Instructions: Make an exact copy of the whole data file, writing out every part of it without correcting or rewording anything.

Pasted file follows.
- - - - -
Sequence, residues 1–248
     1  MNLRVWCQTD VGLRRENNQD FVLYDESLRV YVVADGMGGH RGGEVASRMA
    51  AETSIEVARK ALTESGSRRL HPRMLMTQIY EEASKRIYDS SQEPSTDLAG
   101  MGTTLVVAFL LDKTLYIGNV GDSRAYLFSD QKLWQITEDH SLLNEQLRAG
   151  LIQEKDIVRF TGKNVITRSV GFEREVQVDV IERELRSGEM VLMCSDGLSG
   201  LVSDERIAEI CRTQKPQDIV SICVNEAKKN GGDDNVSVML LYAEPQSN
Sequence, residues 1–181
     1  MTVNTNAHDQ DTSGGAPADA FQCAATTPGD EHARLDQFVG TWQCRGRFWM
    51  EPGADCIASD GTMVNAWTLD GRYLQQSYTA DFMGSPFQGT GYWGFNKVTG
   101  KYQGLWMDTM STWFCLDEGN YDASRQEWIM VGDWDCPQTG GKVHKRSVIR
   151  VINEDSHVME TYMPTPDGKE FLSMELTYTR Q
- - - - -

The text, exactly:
Sequence, residues 1–248
     1  MNLRVWCQTD VGLRRENNQD FVLYDESLRV YVVADGMGGH RGGEVASRMA
    51  AETSIEVARK ALTESGSRRL HPRMLMTQIY EEASKRIYDS SQEPSTDLAG
   101  MGTTLVVAFL LDKTLYIGNV GDSRAYLFSD QKLWQITEDH SLLNEQLRAG
   151  LIQEKDIVRF TGKNVITRSV GFEREVQVDV IERELRSGEM VLMCSDGLSG
   201  LVSDERIAEI CRTQKPQDIV SICVNEAKKN GGDDNVSVML LYAEPQSN
Sequence, residues 1–181
     1  MTVNTNAHDQ DTSGGAPADA FQCAATTPGD EHARLDQFVG TWQCRGRFWM
    51  EPGADCIASD GTMVNAWTLD GRYLQQSYTA DFMGSPFQGT GYWGFNKVTG
   101  KYQGLWMDTM STWFCLDEGN YDASRQEWIM VGDWDCPQTG GKVHKRSVIR
   151  VINEDSHVME TYMPTPDGKE FLSMELTYTR Q